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Lama Ananga Rika Govinda & His "Way of the white clouds"


Lama Ananga Rika Govinda is considered to be perhaps the most influential in introducing Tibetan Buddhism to the West. Lama Ananga Rika Govinda did not mind two weeks of journey on horse back through the most mountainous region of the world to visit The Great Hermit Abbot of Lachen.

Our effort is to take you to that particular Cave of Lachen Gomchen, which won’t be as strenuous as then.

He was born as Ernst Lothar Hoffman in Waldheim, Germany in 1898, son of a German father and a Bolvian mother. He was invalided out of German army during the first world war because of tuberclosis. He was the founder of the Buddhist Order Arya Maitreya Mandala. He came to India in his early years. His interest in Buddhism and monastic life led him to Sri lanka and Burma.

He had been to Tibet many times lived for two years in Central and Western Tibet with his wife Li Gotami, a British Educated Parsee from Bombay. In 1931 he attended a Buddhist Conference in Darjeeling intending to affirm the purity of the Theravadin tradition against the Mahayana, which in his view, had degenerated into “a system of demon worship and weird beliefs.” This trip to Darjeeling was to alter his life. Here he met his Tibetan Guru, Tomo Geshe Rinpoche, under whose influence he converted into Gelugpa sect. He finally settled in Almora, India. He held posts in various Indian universities and held exhibitions of his paintings, several of which he made together

with his wife still in Tibet. In 1971 he made a journey to America and Canada. In 1972 he was on tour in Europe. He became a mediator and peacemaker between East & West. Govinda’s Tibetan experiences are recounted in his book The Way of the White Clouds, which includes elements from several genre-spiritual journals, adventure narratives, anthropological field reports and philosophical commentaries. It is one of the century’s classic spiritual autobiographies. Lama Govinda’s final years were spent in California living in the San Francisco Bay area on Alan Watts’ houseboat, then in Mill valley. In San Francisco he established an American branch of the Arya Maitreya Mandala, called “Home of Dhyan”. He is considered to be perhaps the most influential in introducing Tibetan Buddhism to the West. He died in 1986. His ashes are contained in the Nirvana-Stupa, which was erected in 1997 on the premises of Samten Choeling Monastery (a Tibetan Monastery), in the district of Darjeeling, West Bengal, India.


An outstanding example among modern hermit is the hermit abbot of Lachen ‘better known as the Gomchen of Lachen, who had his hermitage on the border between Northern Sikkim and Tibet. The Earl of Ronaldshay (later Marquis of Zetland), former governor of Bengal, has written admiringly about the Gomchen: ‘ Over a period of twenty six years he had been in the habit of retiring from the world from time to time and living a life of solitary meditation in remote cave- high up and difficult of access, among the cliffs of an inhospitable mountain tract above the path to Thangu. One of the periodic retirements from the world had been extended over a period of five years, during which he had seen no human being and had kept body and soul together on a minimum of food.’ The Lachen Gomchen was no other than the Guru of the famous French Orientalist and explorer Alexandra David Neel. In 1937 when Lama Anagarika Govinda was the guest of the Chogyal of Sikkim, he visited the Hermit Abbot of Lachen in his mountain retreat near Thangu, at an altitude of 13000 feet in the Sikkim Himalayas. He was in ardent desire to meet the hermit as he was already over seventy years old, and he felt he had no time to loose. He did not mind the two weeks journey on horse back through the most mountainous region of the world (Sikkim is said to have the greatest number of mountains above 24000ft compared to any other area in the world of similar size) He risked the fast approaching winter and the risk of the hermitage being closed to visitor as it happened so often when he was engaged in along period of meditation.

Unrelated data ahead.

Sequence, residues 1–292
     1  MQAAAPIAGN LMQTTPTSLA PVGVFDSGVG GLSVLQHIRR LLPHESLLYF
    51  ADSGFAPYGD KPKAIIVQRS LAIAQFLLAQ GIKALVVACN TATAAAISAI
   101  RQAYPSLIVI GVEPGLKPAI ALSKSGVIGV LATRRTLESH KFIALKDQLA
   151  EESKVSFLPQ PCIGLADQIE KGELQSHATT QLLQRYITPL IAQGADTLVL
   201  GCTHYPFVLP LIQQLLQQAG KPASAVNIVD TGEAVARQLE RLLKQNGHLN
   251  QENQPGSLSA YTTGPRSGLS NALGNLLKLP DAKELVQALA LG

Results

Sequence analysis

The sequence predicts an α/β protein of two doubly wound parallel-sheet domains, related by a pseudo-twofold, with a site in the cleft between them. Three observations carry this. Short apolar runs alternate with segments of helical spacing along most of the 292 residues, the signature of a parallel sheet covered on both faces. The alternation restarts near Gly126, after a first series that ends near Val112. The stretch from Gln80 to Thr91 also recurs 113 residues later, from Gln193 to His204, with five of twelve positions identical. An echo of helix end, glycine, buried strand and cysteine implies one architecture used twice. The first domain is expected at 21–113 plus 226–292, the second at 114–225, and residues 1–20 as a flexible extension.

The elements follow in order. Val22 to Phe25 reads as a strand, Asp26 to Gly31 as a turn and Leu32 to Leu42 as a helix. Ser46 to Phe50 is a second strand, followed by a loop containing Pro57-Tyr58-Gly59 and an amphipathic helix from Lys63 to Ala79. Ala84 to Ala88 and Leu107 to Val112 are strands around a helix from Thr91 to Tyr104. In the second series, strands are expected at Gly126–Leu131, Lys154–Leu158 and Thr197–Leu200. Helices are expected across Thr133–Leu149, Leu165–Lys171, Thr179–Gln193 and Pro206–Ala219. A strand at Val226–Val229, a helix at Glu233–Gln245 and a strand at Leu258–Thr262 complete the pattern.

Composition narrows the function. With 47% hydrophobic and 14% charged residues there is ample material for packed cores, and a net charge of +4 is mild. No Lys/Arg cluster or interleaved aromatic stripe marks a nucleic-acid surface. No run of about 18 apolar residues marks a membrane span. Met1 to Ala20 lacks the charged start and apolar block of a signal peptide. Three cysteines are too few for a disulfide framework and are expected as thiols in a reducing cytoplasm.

He put up in a horribly cold and doughty wooden rest house not far below the hermitage of the Gomchen. The next morning he climbed up to hermitage and he was received by the Gomchen discussed about David Neel and the subject of meditation and its various methods and experiences.

The Great Hermit Abbot of Lachen, Lama Anagarika Govinda has long been gone, but the cave in the cliffs is still there in the beautiful mountains of North Sikkim.

07 Days 06 Nights

 Day 01



 Day 02


Gangtok- Lachen ( N.Sikkim)

 Day 03


Lachen - Diuthang. Overnight halt in a hut / tent

 Day 04


Diuthang-Cave- Overnight Meditation Programme at Cave

Day 05


Cave to Phalung Night halt at

Day 06


Phalung - Thangu - Lachen

Day 07


Lachen – Gangtok

Route Map




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